My Mother-In-Law Made Me A Better Wife

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My Mother-In-Law Made Me A Better Wife
Contributor
Love

Right after my husband and I got married and moved into our apartment, my mother-in-law came to visit. I planned each meal carefully, cleaned the few pieces of furniture we had, and made sure the cracked linoleum shone.

Excited and nervous, I carefully arranged a plate of appetizers and waited for her arrival. At the sound of the doorbell, I rushed to greet her. And there she was at the doorway with a giant cooler full of food.

There was dessert, side salads, paper plates, cups, napkins, some groceries staples like bread, cheese, and ketchup. She'd even included fixings for sandwiches for tomorrow's lunch. My husband dragged the cooler to the kitchen and I seethed.

"What is she saying?" I hissed. "Does she think I can't take care of her or her son?"

My husband wisely avoided the question. "This is just what she does," he said and left it at that.

Wasn't he supposed to be a grown-up now? I wanted him to stand up to his mom and tell her what a good cook I was, and that we didn't need her ketchup. But that didn't happen. We ate her food and kept the leftovers. 

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Shortly after my mother-in-law left, I was indignantly telling the story to a friend.

"Can you believe it?" I all but yelled. "She brought me cookies!" My friend rolled her eyes.

"Lyz, that's what people do in Iowa to show their love. Your mother-in-law sounds great."

In my defense, I didn't grow up in the Midwest. Despite my rounded vowels and love of tater tot hot dish, I lived most of my life in Texas with a mother who is decidedly Southern and a Yankee lawyer father.

The way my mother shows her love is buying me garish socks for every conceivable holiday, making sure I am wearing a slip, telling me where to get my nails done and how to properly sprinkle my linens with starch. And neither one of my grandmothers was a cook.

My mom's mom showed her love to us by not smoking in the house. And my dad's mother would buy us double-stuffed Oreos. Needless to say, the idea that the cooler was packed full of gifts of love was foreign to me.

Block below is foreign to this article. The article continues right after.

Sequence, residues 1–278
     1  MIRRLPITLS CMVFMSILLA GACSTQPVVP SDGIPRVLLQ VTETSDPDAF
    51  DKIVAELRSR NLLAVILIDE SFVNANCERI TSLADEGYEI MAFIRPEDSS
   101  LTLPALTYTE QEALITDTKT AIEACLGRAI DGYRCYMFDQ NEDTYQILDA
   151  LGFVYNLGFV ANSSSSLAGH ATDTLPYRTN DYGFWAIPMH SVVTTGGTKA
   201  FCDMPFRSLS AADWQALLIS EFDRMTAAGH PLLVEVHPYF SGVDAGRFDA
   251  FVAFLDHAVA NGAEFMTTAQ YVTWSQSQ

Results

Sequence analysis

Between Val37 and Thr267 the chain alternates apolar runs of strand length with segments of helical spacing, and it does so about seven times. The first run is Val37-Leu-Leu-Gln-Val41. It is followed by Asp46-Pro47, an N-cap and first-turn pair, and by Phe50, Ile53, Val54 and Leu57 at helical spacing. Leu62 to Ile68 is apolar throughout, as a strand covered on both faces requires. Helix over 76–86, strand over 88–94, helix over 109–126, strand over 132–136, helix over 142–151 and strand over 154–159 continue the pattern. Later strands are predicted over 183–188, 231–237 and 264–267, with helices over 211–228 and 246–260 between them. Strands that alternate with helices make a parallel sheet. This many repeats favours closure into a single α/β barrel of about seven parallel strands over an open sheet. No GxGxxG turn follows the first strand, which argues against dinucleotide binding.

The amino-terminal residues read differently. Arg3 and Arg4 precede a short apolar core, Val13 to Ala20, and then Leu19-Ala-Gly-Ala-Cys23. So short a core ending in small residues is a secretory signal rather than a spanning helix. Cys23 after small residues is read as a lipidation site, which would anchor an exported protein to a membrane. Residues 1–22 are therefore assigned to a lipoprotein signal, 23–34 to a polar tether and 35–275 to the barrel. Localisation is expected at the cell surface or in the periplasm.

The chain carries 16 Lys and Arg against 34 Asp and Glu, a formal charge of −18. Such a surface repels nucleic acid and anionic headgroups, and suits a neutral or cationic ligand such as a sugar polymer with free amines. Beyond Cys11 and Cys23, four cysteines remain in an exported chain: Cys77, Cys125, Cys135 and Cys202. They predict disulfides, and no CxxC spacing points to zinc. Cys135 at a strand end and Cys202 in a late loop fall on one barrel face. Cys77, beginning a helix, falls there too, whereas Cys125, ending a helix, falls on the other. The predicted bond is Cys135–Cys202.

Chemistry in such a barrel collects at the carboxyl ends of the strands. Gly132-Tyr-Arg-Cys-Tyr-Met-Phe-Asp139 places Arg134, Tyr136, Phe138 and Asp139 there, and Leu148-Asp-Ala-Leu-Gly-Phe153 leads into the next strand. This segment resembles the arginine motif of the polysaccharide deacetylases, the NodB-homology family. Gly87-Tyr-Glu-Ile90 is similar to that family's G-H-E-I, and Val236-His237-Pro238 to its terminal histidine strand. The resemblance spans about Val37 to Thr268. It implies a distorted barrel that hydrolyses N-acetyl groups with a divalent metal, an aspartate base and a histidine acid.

Since that realization five years ago, food has become the language of love that I've learned to speak with my in-laws.

Whenever I visit, my mother-in-law makes me my favorite cheesy potatoes. For my birthday, she makes me delicious, complicated chocolate cakes, and I've learned to be okay with not being asked to bring a dish of food to a holiday or celebration.

It's not that they think I can't cook, it's just that they want to show their love.

And it works the other way, too. My husband's brothers are fundamentally different from me. They talk guns, hunting, fishing, baseball, and the intricacies of making lures. I like to talk about books or tell the story I heard about an old woman hiding her scandalous photos in her safety deposit box (true story).

To bridge that communication gap, I make my brother-in-laws pie. An apple pie is a universal language for, "I think fishing lures are boring, but you are awesome." 

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When my husband's grandmother taught me how to make lefse, a traditional Norwegian flatbread, despite her cranking over my slow-rolling and inability to stop spanking people with the lefse stick (it's a long stick... what else am I supposed to do with it?), I knew that I was showing her how much I loved her, her family and her wonderful grandson. In turn, by teaching me she was ushering me into the family.

For my husband's family, food is the currency of love. And by learning to trade in it, I've learned to understand and accept their kindness and generosity and show them how much I care for them in return.

I've also learned to understand my husband better, too. I've learned to literally feed a part of him that speaks a language of love through hot meals and warm cookies.

Taking a lesson from his mom's playbook, I do my best to make my husband his lunch every morning, because I know for him, that sandwich is better than an "I love you."

I love my in-laws and they have taught me so much about love, patience, generosity, fishing lures, and how to make the best cheesy chicken enchilada's around. But most of all, they've taught me to understand my husband and how to be a better wife.

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Lyz Lenz's writing has appeared in the Huffington Post, The Washington Post, the Columbia Journalism Review, The New York Times, Pacific Standard, and others. She lives in Iowa with her two kids and two cats and is a columnist for the Cedar Rapids Gazette.